The series consists of the records of the Office of the Indian Reserve Commissioner for British Columbia (1884-1898), the Office of the Indian Superintendent for British Columbia (1884-1894), plus records from the Office of the Indian Commissioner for British Columbia and its antecedent Office of the Chief Inspector of Indian Agencies (1910-1956). Also included are records of the Royal Commission on Indian Affairs for British Columbia [McBride-McKenna Commission] (1858-1930, but mainly from the period 1913-1916) along with field office records of the Nass, Skeena, and Queen Charlotte Indian agencies (1910-1968).
The records include correspondence inward, hearing transcripts, and exhibits. The following descriptions of the five series which comprise this unit have been adapted from the RG 10 Inventory, published by the Public Archives of Canada (PAC):
I. Office of the Indian Reserve Commissioner for the Province of British Columbia, 1884-1898 (RG 10 Volumes 11007-11015, microfilm reels B05631-B05633). Following a number of unsuccessful attempts to resolve the problem of Indian land in British Columbia, a three-man commission made up of dominion and provincial representatives and a joint commissioner was established in 1876. In 1878 the body was restructured and G.M. Sproat made sole Indian Reserve Commissioner. Upon his resignation in 1880, Peter O'Reilly was appointed to the position. The Indian Reserve Commissioner was given by order-in-council some discretionary power to act in allotting reserves although he was to follow suggestions of the Chief Commissioner of Lands and Works (representing the provincial government) and the Indian Superintendent for British Columbia (representing the federal authority) concerning the locations to be visited and reserves established. His actions were to be subject to confirmation by these two officers and failing their agreement, questions at issue were to be put to the Lieutenant Governor for decision. O'Reilly served as Indian Reserve Commissioner until February 1898 when his duties were assumed by A.W. Vowell who also held the post of Indian Superintendent for British Columbia. Vowell served concurrently in both offices until his retirement in 1910 at which time the positions were abolished. The records in this series represent the incoming correspondence of the Office of the Indian Reserve Commissioner between February 1884 and November 1898. They are arranged chronologically and a number of maps and plans accompany the letters.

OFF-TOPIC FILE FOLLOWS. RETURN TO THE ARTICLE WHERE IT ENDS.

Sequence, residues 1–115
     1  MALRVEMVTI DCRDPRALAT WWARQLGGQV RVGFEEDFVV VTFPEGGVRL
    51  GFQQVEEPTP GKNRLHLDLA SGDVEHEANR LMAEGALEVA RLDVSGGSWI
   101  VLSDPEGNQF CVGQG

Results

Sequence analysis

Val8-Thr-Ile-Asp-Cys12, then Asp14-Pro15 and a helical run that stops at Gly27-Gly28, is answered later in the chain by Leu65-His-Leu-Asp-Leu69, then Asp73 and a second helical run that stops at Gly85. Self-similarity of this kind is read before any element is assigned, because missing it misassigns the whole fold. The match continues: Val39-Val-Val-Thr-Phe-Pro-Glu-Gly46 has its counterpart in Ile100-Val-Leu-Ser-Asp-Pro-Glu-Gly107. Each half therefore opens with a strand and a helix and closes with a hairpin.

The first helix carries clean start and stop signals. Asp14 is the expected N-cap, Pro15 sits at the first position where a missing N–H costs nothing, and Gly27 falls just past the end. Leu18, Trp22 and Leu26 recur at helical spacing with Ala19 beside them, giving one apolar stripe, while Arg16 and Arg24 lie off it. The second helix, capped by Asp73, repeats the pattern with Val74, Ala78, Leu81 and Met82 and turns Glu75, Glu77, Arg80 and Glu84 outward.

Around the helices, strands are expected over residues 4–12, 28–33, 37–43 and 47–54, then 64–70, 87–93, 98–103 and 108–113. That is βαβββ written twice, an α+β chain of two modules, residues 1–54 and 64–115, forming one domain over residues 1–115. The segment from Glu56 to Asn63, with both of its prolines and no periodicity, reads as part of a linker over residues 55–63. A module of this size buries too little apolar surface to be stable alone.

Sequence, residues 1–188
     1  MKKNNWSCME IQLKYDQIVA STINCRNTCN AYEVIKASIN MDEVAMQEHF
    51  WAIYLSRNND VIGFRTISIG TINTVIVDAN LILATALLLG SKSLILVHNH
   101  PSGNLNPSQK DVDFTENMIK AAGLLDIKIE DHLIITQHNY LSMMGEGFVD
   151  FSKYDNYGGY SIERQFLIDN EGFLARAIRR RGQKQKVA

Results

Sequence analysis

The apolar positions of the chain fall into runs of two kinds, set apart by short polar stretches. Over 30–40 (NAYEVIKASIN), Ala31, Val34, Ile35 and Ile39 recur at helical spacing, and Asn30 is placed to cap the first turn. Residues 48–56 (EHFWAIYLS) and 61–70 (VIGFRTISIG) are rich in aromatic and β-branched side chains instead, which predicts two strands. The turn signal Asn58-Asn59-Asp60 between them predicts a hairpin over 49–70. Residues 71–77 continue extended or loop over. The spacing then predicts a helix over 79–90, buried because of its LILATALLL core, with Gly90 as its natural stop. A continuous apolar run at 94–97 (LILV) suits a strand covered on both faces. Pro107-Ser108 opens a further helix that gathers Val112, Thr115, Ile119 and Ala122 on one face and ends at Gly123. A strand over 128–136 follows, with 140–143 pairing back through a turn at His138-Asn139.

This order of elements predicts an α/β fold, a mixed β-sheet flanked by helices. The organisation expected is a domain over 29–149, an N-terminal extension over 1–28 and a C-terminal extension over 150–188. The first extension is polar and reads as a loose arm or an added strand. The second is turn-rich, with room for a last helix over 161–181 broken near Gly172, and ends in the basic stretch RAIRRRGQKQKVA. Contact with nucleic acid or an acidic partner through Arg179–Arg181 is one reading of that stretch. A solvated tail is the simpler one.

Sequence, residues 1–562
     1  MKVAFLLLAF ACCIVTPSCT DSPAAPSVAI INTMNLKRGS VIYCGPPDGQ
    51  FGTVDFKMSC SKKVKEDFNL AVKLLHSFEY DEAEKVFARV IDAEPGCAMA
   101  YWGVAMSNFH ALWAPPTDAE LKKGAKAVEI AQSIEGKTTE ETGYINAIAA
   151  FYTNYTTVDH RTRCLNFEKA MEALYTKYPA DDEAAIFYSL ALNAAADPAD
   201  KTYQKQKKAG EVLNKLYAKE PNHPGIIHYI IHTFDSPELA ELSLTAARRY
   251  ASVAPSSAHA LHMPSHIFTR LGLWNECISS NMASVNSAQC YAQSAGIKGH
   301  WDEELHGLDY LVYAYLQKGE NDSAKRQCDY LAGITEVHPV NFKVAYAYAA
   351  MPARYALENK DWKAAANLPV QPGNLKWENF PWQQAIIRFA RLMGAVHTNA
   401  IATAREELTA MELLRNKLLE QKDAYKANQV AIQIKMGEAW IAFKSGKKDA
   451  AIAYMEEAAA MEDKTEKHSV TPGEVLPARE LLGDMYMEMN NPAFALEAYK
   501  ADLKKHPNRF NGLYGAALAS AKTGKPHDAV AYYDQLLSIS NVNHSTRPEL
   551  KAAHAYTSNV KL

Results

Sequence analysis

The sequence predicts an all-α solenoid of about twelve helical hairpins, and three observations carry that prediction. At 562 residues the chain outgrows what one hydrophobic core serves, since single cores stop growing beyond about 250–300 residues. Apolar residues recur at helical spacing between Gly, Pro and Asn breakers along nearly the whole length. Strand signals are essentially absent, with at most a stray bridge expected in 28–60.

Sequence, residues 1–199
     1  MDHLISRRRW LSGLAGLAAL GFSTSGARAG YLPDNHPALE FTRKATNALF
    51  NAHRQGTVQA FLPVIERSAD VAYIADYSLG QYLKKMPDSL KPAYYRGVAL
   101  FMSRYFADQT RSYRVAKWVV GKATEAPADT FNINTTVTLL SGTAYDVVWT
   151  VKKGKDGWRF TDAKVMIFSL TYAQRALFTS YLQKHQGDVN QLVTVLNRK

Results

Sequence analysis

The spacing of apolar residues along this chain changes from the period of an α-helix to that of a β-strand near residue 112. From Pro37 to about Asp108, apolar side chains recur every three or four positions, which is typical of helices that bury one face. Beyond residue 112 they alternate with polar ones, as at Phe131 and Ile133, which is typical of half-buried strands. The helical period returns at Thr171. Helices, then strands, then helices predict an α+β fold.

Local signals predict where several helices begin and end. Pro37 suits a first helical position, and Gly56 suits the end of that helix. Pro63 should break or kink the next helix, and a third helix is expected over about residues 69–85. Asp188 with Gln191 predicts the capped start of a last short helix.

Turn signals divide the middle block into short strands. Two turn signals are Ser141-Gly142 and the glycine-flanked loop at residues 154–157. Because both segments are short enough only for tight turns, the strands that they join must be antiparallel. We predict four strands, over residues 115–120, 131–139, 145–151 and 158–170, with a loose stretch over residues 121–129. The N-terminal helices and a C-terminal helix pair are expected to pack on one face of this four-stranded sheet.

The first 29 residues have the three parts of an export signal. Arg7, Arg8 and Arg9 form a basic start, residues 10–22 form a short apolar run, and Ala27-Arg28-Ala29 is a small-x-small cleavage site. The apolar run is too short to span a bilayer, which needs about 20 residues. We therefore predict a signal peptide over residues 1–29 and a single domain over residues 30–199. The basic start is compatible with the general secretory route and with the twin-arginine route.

II. Office of the Indian Superintendent for British Columbia, 1886-1894 (RG 10 volume 11016, microfilm reel B 5633). The process of establishing a federal presence in the administration of Indian Affairs in British Columbia was a complicated one in the first years after that province entered Confederation. In 1872 a Superintendent of Indian Affairs was appointed, but in the following year it was decided that a Board of Indian Commissioners should, under the direction of the Superintendent General of Indian Affairs, administer Indian matters in the province. Although commissioners were appointed, the Board was not a success and in 1875 British Columbia Indian administration was reorganized through the creation of two superintendencies (Victoria and Fraser). Four years later this system was replaced by one of several agents under the direction of a visiting Indian Superintendent until 1889 when he was succeeded by A.W. Vowell. The office was abolished in 1910. The records represent incoming correspondence to the Office of the Indian Superintendent for British Columbia between November 1886 and November 1894. They are arranged chronologically and were originally maintained in bound gummed stub files.
III. Office of the Chief Inspector of Indian Agencies/Indian Commissioners for British Columbia, 1910-1956 (RG 10 volumes 11001 – 11006, microfilm reels B5633-B5637). When the office of the Indian Superintendent for British Columbia was closed in 1910, agents were directed to conduct all business through headquarters in Ottawa. In the same year, an inspectorate system was inaugurated with the appointment of three Inspectors of Indian Agencies for the southeastern, southwestern, and northern agencies. In 1917 W.E. Ditchburn, who had held the position of Inspector for the Southwestern Inspectorate, was promoted to the post of Chief Inspector for British Columbia and his former position was abolished. In the following year the Northern Inspectorate was likewise dispensed with. In 1923 Ditchburn took up the new position of Indian Commissioner for British Columbia, but following his death in 1932 the office was left vacant. It was abolished in 1935, only to be resurrected the next year. Between 1929 and 1937 an Assistant Commissioner also served in the commissioner's office. In 1948 a major reorganization of Indian Affairs in British Columbia was effected. The office of Indian Commissioner was retained while that of the Inspector of Indian Agencies for the Southeast Inspectorate was reclassified Regional Supervisor of Indian Agencies. The records in this series consist of files of the office of the Indian Commissioner for British Columbia, its precursors (the Inspectorates and the office of the Chief Inspector of Indian Agencies), and the subordinate office of Indian Inspector for the Southeastern Inspectorate (after 1923). Files are grouped by responsibility centre for, while they are all records of, or which found their way into, the Commissioner's office, each refers to operations in individual agencies.